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C. Aslin, R. Blake, M. M. Chun; A dissociation in the transfer of perceptual learning based on visual temporal structure. Journal of Vision 2001;1(3):24. doi: 10.1167/1.3.24.
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© ARVO (1962-2015); The Authors (2016-present)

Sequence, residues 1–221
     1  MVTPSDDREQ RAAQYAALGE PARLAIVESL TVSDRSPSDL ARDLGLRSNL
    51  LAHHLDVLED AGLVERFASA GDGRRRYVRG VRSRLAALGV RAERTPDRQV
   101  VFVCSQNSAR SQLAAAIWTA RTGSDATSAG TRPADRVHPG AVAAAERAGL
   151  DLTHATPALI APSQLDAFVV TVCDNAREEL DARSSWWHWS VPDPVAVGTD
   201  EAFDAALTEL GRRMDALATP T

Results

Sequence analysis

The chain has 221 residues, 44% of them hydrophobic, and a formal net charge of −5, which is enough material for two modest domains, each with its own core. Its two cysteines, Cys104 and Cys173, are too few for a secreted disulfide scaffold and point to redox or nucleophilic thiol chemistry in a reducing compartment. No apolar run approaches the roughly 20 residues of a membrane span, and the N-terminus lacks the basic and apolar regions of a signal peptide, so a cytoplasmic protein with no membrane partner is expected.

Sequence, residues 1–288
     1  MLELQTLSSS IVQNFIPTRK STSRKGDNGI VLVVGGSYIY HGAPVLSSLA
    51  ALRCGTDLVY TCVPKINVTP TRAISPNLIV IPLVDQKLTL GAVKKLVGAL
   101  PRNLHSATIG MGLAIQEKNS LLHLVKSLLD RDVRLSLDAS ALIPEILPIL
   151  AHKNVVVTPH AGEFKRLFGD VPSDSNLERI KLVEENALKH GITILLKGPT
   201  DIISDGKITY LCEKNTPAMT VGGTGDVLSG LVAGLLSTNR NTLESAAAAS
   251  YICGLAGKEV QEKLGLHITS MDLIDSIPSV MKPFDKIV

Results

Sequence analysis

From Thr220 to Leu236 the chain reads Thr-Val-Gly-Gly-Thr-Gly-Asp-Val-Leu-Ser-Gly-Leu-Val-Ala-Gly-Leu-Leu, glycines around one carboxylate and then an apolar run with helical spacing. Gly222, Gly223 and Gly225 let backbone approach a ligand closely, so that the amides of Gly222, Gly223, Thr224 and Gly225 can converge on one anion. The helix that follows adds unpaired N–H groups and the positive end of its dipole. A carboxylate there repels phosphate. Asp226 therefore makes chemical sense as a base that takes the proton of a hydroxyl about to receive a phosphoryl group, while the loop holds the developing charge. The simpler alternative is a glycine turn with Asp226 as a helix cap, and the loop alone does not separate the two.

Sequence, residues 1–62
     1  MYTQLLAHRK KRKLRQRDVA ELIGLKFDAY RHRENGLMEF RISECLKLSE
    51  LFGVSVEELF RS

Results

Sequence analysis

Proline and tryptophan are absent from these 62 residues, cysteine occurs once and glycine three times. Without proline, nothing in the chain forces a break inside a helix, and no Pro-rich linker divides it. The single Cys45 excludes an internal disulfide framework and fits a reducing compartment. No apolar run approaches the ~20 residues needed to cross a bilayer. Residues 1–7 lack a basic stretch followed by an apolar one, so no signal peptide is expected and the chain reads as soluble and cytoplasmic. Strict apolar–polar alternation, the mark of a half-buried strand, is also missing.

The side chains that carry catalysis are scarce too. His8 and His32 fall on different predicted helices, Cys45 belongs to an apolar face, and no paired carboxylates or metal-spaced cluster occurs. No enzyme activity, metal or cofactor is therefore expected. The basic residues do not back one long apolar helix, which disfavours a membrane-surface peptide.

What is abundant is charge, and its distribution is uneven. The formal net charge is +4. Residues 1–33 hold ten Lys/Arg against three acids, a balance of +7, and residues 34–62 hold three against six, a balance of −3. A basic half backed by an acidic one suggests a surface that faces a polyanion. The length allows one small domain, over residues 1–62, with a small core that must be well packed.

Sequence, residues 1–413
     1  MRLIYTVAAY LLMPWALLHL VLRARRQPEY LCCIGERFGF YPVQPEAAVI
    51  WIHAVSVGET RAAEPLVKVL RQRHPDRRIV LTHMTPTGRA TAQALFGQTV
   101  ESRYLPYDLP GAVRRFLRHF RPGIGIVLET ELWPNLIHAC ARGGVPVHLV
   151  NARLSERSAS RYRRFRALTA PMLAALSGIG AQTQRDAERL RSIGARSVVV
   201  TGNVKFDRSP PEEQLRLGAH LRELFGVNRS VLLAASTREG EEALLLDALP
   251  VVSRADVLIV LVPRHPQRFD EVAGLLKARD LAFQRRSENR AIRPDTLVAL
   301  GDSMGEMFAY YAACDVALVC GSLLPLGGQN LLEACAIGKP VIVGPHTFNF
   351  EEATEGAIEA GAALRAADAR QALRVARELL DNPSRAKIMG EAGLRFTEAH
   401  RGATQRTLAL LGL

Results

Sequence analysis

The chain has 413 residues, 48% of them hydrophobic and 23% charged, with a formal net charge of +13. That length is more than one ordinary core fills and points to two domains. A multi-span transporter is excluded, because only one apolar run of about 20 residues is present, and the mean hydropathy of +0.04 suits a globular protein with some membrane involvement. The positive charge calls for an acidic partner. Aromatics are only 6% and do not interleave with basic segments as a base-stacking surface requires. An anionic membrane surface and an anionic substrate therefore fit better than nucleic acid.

On many vision tasks, people improve with practice, and the generality of transfer of training can be quite revealing with respect to underlying neural mechanisms. Using dynamic arrays composed of hundreds of small grating patches, we trained one group of observers to discriminate spatial forms defined by dynamic fluctuations in luminance of a subset of gratings and another group to discriminate shape defined solely by common temporal structure (TS) among a subset of the gratings (Lee & Blake, 1999). For both types of dynamic display, grating orientations were random throughout the array, and each grating moved in a direction orthogonal to its contour orientation and changed direction of motion irregularly over time. The task itself involved 2AFC shape discrimination. Performance thresholds for both TS and luminance-defined shape were measured before and immediately following training. For some observers, training and testing was monocular. All observers improved at their respective task with practice. Those trained using a luminance cue showed strong, immediate transfer when tested with TS-defined forms, which is not so surprising since the luminance display contained dynamic, TS information. Observers trained on TS, in contrast, did not show transfer to the luminance based discrimination. Moreover, effects of practice on the luminance task transferred from the trained to the untrained eye, but practice did not transfer interocularly on the TS task. These preliminary results suggest an early locus for the underlying neural mechanisms of this form of temporal structure.
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